Aussie farmer woes could spell higher exported food prices
Shortage of farm workers may slow output, affect exports to Asia: Study
SYDNEY - As Australia looks to meet Asia's rising demand for food, it has run into a new problem - a looming shortage of farm workers that could stymie production and raise prices for consumers in countries such as Singapore.
Australia has a rare opportunity to become a premium food "superpower" as the Asian century develops, Trade Minister Craig Emerson said at the annual Agricultural Outlook Conference in Canberra earlier this month.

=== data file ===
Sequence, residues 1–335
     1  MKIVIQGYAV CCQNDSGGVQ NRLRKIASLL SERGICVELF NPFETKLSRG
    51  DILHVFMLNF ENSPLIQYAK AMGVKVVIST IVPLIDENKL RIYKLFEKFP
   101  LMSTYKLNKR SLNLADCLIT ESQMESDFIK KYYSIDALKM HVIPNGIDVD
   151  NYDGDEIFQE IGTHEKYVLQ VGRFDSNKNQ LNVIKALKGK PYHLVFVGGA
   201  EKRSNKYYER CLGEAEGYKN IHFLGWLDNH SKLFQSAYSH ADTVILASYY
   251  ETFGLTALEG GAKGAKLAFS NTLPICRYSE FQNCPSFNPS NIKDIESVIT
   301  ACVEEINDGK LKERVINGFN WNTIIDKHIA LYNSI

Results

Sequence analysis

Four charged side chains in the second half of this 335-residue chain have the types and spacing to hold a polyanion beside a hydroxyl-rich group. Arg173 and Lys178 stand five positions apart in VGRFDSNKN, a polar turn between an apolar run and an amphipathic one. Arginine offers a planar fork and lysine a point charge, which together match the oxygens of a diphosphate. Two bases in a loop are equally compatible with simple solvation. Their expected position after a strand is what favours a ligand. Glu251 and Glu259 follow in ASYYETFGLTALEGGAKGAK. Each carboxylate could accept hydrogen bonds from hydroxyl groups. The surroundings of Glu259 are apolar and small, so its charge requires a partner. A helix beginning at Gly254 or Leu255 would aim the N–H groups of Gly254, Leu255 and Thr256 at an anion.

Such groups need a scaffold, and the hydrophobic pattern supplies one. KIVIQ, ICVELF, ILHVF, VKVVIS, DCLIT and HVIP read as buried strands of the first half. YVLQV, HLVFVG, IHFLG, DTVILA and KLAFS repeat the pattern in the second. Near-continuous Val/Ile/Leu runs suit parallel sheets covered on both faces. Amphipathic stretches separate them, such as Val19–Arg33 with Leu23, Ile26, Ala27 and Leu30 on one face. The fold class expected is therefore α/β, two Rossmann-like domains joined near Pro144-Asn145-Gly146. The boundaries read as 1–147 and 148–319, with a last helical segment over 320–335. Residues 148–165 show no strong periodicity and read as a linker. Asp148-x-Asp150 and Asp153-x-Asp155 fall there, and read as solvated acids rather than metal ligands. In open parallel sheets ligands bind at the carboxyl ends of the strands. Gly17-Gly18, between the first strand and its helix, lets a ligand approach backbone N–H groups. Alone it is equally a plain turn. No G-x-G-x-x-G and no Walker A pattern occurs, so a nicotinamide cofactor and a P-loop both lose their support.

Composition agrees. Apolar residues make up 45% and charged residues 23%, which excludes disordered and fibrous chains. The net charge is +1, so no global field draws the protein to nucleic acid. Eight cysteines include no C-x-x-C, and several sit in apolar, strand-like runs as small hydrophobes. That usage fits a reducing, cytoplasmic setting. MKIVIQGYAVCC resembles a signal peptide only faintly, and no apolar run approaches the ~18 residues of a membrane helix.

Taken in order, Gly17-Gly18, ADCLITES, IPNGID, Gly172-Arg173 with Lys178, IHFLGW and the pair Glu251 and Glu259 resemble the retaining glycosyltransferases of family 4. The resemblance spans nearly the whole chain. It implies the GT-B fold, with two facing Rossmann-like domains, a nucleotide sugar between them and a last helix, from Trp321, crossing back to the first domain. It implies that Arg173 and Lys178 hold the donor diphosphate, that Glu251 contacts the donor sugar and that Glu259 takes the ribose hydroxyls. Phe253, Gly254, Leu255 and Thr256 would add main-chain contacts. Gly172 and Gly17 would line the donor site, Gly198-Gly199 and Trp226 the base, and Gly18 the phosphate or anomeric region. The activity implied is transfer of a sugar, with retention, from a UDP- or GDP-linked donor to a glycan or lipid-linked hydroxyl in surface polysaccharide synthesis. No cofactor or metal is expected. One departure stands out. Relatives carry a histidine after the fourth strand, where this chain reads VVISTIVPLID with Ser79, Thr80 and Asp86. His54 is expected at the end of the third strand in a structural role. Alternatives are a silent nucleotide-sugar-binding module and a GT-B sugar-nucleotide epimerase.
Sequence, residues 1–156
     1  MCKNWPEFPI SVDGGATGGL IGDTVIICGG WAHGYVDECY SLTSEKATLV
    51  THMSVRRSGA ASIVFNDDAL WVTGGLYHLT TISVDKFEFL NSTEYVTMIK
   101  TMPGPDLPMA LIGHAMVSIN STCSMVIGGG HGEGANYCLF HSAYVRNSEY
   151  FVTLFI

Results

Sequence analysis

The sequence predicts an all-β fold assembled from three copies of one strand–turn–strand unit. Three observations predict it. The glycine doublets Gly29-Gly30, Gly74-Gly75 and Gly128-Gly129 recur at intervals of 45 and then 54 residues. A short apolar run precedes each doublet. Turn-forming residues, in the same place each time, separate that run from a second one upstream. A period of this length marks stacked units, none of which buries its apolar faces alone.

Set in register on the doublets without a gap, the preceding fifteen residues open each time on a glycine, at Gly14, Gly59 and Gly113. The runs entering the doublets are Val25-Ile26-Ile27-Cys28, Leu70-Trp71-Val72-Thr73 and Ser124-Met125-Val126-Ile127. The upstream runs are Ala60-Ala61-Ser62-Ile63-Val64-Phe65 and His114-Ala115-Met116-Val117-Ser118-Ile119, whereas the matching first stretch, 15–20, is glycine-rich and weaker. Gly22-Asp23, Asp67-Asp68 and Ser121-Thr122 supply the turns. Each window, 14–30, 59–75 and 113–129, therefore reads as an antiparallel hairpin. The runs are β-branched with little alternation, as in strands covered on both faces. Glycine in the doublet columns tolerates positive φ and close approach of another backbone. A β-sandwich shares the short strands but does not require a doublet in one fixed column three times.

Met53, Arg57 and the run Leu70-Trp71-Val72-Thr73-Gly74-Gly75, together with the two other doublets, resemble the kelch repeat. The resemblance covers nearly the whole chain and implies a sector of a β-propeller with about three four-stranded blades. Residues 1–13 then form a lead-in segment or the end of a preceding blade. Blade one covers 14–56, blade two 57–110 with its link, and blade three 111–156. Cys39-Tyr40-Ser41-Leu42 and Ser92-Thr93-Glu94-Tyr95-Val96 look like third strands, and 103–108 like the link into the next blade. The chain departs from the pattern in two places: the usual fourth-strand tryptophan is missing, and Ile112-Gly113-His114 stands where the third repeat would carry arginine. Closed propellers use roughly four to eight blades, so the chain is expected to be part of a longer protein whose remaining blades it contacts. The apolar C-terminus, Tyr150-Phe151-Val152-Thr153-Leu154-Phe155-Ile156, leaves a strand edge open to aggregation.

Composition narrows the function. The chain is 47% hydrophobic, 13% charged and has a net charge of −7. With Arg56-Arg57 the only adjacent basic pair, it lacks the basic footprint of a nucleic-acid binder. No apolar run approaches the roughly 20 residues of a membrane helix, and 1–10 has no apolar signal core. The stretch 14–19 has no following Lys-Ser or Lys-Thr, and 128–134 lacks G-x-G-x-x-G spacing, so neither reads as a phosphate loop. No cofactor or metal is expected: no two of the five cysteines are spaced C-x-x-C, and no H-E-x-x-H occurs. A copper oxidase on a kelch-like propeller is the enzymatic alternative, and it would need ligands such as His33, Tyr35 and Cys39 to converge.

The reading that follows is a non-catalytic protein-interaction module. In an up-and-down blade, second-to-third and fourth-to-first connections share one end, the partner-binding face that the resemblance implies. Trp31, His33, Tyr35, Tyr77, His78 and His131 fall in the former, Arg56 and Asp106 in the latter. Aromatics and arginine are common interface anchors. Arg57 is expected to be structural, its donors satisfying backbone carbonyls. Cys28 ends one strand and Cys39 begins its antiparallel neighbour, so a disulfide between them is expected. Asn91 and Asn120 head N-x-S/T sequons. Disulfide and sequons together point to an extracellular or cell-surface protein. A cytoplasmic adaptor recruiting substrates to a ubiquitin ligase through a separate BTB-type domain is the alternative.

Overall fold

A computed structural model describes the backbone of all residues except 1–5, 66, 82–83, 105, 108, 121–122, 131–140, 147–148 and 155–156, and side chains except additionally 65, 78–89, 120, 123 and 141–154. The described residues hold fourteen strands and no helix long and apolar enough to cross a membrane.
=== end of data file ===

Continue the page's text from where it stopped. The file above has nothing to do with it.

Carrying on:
But it needs to step up its farm production if it is to tap into the A$416 billion (S$540 billion) rise in world agrifood trade by 2050, and particularly the demand from Asia, said a study released at the annual Agricultural Outlook Conference in Canberra earlier this month.
Asian meat imports, expected to go up by A$150 billion, will be a key part of the 150 per cent growth in the food sector, according to the study by the Australian Bureau of Agricultural and Resource Economics and Sciences (Abares).
We are limited by our environmental circumstances. You cannot make it rain more than it does. The Asian century will provide opportunities but to meet them, we have to improve production.
- Mr Jock Laurie, president of Australia's National Farmers' Federation